Skip to Main Content

Baltimore County Hunter Fined after Shooting Robo-Deer Decoy

Boat Explosion, Tree-Stand Falls among Maryland Natural Resources Police Responses

Photo of robotic deer decoy in woodsA Sparrows Point man who thought he bagged a buck in North Point State Park paid hundreds of dollars in fines instead after he shot a Maryland Natural Resources Police robo-deer decoy.

On the evening of Oct. 7, Thomas Ervin Minton, 45, was spotted by officers patrolling a field where the robotic decoy had been placed. He fired a crossbow at the faux deer and sped away when officers tried to stop him.

As officers searched the area, Minton approached one of them and asked what the fine would be for illegally shooting a deer. He then turned himself in and led officers back to his home, where the car matching the description of the one used by the shooter was parked.

Minton received citations for having a loaded crossbow in a vehicle, hunting at night, shooting wildlife from a vehicle, and for using a light for hunting or jacklighting. He also received six written warnings, including attempting to elude a uniformed officer. He pleaded guilty in Baltimore County District Court Oct. 12 to three charges and paid $1,500 in fines. The charge of using a light to hunt remains active on the docket.

His crossbow, scope and arrow were confiscated. The robo-deer was unharmed.


An Essex man was flown to Peninsula Regional Medical Center Wednesday evening for treatment of injuries sustained when he fell 20-feet from a homemade tree stand on leased land in Worcester County.

Joseph Patrick Hughes, 63, was checking his stand in Chesapeake Forest Lands at about 7 p.m., when one of the wooden steps pulled away from the tree and he fell. He was not wearing a safety harness.

Members of the hunting club heard his cries for help and helped him back to the camping area and drove him to the Stockton Fire Department, where he was assisted by Snow Hill first responders. A Maryland State Police helicopter flew him to the hospital due to possible back and neck injuries.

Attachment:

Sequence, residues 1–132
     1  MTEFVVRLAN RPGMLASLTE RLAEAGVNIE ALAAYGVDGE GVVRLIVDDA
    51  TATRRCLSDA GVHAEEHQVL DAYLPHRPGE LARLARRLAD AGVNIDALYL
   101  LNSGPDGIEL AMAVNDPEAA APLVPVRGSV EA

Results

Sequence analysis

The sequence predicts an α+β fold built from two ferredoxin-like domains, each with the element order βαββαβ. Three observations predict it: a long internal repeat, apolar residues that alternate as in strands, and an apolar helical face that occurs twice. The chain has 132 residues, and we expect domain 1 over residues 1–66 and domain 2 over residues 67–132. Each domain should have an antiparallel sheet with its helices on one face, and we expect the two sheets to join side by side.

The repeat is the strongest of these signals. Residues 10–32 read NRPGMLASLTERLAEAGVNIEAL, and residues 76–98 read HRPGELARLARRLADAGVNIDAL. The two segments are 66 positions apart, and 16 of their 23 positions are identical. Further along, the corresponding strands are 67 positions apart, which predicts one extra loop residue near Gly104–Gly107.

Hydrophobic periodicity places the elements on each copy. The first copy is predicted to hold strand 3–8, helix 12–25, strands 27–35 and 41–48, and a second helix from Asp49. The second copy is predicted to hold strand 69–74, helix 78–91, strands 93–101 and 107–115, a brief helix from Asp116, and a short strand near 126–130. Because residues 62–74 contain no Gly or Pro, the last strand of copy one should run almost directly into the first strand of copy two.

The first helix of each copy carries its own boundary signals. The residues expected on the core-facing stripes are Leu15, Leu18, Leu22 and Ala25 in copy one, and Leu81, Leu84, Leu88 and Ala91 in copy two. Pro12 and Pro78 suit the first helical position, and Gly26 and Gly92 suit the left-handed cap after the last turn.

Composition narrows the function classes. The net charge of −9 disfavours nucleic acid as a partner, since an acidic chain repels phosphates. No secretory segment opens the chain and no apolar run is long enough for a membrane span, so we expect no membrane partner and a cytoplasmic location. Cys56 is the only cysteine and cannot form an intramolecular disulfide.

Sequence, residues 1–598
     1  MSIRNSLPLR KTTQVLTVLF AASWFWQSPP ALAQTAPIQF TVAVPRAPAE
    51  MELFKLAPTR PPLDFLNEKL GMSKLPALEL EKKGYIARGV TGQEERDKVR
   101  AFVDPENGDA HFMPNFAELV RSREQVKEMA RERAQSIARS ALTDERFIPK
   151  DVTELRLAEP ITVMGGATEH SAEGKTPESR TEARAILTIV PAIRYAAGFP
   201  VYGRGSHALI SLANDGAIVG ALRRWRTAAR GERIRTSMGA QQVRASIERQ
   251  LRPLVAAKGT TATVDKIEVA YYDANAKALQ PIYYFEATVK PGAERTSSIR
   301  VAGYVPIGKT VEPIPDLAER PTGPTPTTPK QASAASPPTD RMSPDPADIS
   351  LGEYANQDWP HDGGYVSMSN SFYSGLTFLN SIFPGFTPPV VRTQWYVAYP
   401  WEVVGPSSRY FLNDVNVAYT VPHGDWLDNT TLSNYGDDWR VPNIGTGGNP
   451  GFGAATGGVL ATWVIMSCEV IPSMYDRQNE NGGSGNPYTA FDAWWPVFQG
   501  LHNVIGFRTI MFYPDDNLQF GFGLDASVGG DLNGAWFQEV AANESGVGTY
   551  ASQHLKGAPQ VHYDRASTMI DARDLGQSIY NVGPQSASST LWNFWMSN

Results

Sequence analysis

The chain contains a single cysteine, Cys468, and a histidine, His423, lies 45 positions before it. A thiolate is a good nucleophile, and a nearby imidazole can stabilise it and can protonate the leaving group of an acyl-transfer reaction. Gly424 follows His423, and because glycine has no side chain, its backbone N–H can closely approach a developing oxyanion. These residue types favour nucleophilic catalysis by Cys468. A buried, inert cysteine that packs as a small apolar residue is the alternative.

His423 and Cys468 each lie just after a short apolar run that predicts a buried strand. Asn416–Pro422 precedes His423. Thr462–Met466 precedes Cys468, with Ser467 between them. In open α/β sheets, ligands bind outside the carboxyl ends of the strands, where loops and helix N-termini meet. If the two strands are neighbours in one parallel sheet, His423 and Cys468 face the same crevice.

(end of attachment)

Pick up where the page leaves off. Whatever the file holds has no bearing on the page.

Last Saturday afternoon, a Frederick County hunter injured his back when a strap on his tree stand broke and he fell 20 feet to the ground. He was not wearing a safety harness.

Zachary David Kline, 22, of Thurmont, said he and a hunting partner were putting gear in their hang-on stand in Woodsboro, when the accident happened. A family member and his hunting partner helped him from the woods to Frederick Memorial Hospital, where he was treated.

In 2016, Maryland recorded 18 hunting accidents, nine of which involved tree stand falls. A department tree stand safety checklist can be found online.


Two Cecil County anglers escaped serious injury Sunday evening on the Elk River after their 28-foot boat exploded and burned to the waterline.

Robert Bernard Keenan Jr., 49, of North East, and James David Beazley, 39, Elkton, were near Turkey Point at the mouth of the river, when the boat owned by Keenan developed engine trouble. When the boaters attempted to restart the engine, the compartment exploded and burst into flames, fed by more than 100 gallons of gasoline in the tank.

The men tried unsuccessfully to put out the flames, jumped overboard and swam to shore at Rogues Harbor. Cecil County first responders and Natural Resources Police officers responded to the scene.

Both men were taken to Union Hospital. Beazley was treated and released and Keenan was admitted for treatment. The boat, valued at $45,000, was a total loss.


An Essex man is scheduled to appear in Queen Anne’s County District Court Dec. 7 on charges he illegally caught several fish from the Chesapeake Bay.

An officer conducting surveillance at the Kent Narrows boat slips earlier this month stopped a vessel with four men aboard who said they had not caught any fish. While talking to the men, the officer noticed a man in the cabin taking fish from a bucket and hiding them.

Kenny Alexander Bono, 26, received citations for keeping six undersized striped bass and one undersized spotted sea trout. If found guilty, he could be fined as much as $2,000.


ae1a-ewspw-web2